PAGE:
Film Review | Everything is Copy (2015)

everything is copy nora ephron scripted and unscripted jacob bernstein documentary review hbo tom hanks meg ryan nora ephron

Most of us live our lives devoid of cinematic moments.

Something of a departure from the norm for me here, given that this is a documentary, rather than a piece of fiction. (I say that, of course, but I’m working on reviews of another documentary and a biography at the minute, so perhaps this is just the new norm.)

This movie caught my attention not because I knew who Nora Ephron was – though I soon realised that I was actually reasonably familiar with her work – but rather because the documentary was one about a journalist and screenwriter. With the former ostensibly being my current “job”, and the latter my destined dream job, it seemed like this was a documentary that would be, at the very least, quite interesting to me.

Given that little preamble, I suppose I should point out now that you’re not necessarily going to be getting advice on how to become a writer, but rather a lot of insight into the life of this particular writer, and how she approached her work. The title, Everything is Copy, refers to the mantra of Ephron’s mother, who was a writer herself; it also comes to reflect, however, the manner in which much of Ephron’s best work was that which was personal to her. Indeed, the whole documentary is quite an intimate and personal affair, with close friends and family members musing on Ephron’s life and their relationship with her, following her death from leukaemia in 2012. That the movie is directed and presented by her son, Jacob Bernstein, only adds to the intimacy with which her life was viewed.

It becomes quite clear that Nora Ephron had quite an interesting life rather early on in the movie, as it tracks her career across its different stages, from her first job at the New York Post (which she got after writing a satirical piece criticising the paper which impressed the editor) to her final theatre play, which starred Tom Hanks as a journalist himself. In a way, it’s quite circular; perhaps another manner in which everything is copy. Between these two events, though, Ephron had a long and distinguished career, with a host of articles, books, and movies to her name – including one of my favourite romcoms, You’ve Got Mail. (It’s really great.)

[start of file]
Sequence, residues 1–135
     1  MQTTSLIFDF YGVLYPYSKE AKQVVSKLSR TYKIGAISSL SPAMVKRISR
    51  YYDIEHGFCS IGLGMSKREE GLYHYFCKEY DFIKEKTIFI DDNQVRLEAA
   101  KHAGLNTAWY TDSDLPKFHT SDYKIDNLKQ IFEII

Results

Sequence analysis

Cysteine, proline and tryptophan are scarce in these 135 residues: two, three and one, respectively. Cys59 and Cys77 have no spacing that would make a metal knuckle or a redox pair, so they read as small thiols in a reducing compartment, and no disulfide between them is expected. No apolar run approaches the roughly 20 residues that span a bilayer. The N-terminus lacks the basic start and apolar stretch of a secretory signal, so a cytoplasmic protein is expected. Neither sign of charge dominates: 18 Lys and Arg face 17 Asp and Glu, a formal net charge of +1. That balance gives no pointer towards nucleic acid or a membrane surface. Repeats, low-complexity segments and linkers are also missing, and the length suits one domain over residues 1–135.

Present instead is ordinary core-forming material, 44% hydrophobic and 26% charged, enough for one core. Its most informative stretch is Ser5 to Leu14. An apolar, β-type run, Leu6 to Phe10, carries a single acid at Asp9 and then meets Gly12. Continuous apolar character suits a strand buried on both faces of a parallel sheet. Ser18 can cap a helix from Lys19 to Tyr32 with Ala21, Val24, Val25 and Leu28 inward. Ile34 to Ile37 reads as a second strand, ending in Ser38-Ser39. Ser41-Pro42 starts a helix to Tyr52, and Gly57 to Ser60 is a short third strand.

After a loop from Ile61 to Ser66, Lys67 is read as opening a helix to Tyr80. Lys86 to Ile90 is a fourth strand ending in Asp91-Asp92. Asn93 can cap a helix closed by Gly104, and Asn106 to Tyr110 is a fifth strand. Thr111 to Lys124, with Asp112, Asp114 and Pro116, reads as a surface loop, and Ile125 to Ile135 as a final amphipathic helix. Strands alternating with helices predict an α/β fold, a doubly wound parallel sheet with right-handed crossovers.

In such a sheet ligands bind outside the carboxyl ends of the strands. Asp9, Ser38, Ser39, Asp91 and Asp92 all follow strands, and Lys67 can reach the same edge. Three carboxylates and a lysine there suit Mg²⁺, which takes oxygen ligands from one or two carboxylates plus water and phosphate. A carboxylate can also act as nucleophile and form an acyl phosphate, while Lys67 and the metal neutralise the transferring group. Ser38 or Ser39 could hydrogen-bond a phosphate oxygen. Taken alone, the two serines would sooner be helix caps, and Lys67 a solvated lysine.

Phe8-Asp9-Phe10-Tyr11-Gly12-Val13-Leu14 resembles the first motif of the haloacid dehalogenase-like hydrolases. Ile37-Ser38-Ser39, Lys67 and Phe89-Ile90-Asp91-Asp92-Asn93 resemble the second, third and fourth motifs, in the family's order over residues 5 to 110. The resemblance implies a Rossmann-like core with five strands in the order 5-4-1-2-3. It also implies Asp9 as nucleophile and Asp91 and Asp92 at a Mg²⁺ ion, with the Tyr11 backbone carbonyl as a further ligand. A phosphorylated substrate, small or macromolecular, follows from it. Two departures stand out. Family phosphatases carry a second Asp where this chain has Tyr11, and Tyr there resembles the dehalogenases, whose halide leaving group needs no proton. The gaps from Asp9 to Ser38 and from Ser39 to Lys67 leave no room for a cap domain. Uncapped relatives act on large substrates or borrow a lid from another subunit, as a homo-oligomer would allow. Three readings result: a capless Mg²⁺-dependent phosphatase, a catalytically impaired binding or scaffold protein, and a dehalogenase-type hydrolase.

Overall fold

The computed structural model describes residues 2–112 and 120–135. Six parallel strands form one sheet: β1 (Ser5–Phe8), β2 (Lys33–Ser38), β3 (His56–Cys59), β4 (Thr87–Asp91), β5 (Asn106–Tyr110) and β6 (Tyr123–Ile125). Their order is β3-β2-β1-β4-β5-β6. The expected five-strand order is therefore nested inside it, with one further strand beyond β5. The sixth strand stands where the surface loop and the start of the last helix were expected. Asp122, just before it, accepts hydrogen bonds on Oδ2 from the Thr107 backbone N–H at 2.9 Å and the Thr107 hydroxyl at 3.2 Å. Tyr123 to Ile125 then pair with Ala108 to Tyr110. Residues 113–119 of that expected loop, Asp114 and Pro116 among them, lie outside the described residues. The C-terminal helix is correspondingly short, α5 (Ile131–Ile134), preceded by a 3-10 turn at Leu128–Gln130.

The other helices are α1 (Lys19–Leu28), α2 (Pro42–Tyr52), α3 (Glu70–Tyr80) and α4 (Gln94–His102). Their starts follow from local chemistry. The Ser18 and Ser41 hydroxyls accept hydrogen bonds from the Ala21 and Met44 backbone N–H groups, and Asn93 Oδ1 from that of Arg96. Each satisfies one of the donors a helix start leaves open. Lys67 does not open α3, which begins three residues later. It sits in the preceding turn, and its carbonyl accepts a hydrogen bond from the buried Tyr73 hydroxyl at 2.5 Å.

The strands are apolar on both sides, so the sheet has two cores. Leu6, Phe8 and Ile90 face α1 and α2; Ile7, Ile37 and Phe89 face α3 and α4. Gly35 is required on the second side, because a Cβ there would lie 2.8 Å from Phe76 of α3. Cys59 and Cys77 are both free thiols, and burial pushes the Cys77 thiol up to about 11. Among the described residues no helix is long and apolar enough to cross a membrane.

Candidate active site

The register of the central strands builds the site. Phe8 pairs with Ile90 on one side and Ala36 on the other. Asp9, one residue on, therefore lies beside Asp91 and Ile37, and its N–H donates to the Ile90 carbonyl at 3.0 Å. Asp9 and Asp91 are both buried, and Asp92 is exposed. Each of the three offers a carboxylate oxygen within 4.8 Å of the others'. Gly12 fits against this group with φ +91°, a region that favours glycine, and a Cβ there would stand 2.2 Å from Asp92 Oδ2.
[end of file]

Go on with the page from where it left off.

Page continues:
A series of different guests, with actors such as Tom Hanks, Meryl Streep, and Meg Ryan, to other collaborators such as Mike Nicholls, alongside Ephron’s sisters Delia, Amy, and Hallie, really help to flesh out the picture of Ephron that we get. It’s very clear how much of an impact she had on their lives; they were all clearly quite upset, in the way that one is when you’ve lost someone special.

What also became very clear, though, was how talented Ephron was as a writer. Across the film there are a series of excerpts from Ephron’s writing across the years, with Meg Ryan, Lena Dunham, and Reese Witherspoon all providing readings, and even Ephron herself in archive footage; it’s immediately evident how incisive and insightful Ephron could be, with a very strong voice, as well as being quite funny generally.

Ultimately, Everything is Copy is quite an engaging documentary, and I’d really recommend giving it a look if you’re interested in writing, or indeed the life of Nora Ephron. It’s a respectful yet fair historiography, which shines a light on the trials and tribulations of a genuinely fascinating – and genuinely talented – woman.



Film Review: Inequality is for All (2013)

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Film Review | Me and Earl and the Dying Girl (2015)

me and earl and the dying girl film review Alfonso Gomez-Rejon jesse andrews thomas mann rj cyler olivia cooke

This isn’t a touching romantic story.

I recently managed to watch Me and Earl and the Dying Girl, which is something I’ve been meaning to do for quite a while. I read the book a while ago, as part of my efforts to get through 100 books in a year (I managed 12), and I quite enjoyed it.

Just for reference, here’s what I said about the book at the time:

The book is positioned as very much Not A John Green Novel. There’s a sort of low key reference to it at one point – the narrator very explicitly says that there will not be any schmaltzy messages or tumblr style quotes. He gives an example; I forget what it was, but it may as well have been “That’s the thing about pain. It demands to be felt.”

It works, I think. Me and Earl and the Dying Girl is much more acerbic and rough around the edges than a John Green novel. It feels very real. At the end of it, there’s no real message. (At least, not one that I took away from it.) There isn’t a love story, or a great romantic climax. Death just happens, and you’ve got to live with it.